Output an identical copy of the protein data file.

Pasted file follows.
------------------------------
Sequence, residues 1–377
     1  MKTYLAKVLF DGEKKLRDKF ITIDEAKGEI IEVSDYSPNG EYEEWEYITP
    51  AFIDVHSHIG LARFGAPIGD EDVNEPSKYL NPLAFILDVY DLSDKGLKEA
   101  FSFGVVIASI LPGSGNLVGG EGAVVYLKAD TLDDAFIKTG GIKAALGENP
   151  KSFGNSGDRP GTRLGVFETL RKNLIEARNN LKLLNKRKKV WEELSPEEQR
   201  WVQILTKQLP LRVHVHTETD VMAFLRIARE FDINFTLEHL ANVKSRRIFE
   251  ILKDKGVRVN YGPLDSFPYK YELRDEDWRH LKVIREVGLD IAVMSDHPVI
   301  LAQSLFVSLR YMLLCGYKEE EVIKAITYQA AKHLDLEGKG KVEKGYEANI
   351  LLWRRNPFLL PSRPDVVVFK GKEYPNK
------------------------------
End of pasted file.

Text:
Sequence, residues 1–377
     1  MKTYLAKVLF DGEKKLRDKF ITIDEAKGEI IEVSDYSPNG EYEEWEYITP
    51  AFIDVHSHIG LARFGAPIGD EDVNEPSKYL NPLAFILDVY DLSDKGLKEA
   101  FSFGVVIASI LPGSGNLVGG EGAVVYLKAD TLDDAFIKTG GIKAALGENP
   151  KSFGNSGDRP GTRLGVFETL RKNLIEARNN LKLLNKRKKV WEELSPEEQR
   201  WVQILTKQLP LRVHVHTETD VMAFLRIARE FDINFTLEHL ANVKSRRIFE
   251  ILKDKGVRVN YGPLDSFPYK YELRDEDWRH LKVIREVGLD IAVMSDHPVI
   301  LAQSLFVSLR YMLLCGYKEE EVIKAITYQA AKHLDLEGKG KVEKGYEANI
   351  LLWRRNPFLL PSRPDVVVFK GKEYPNK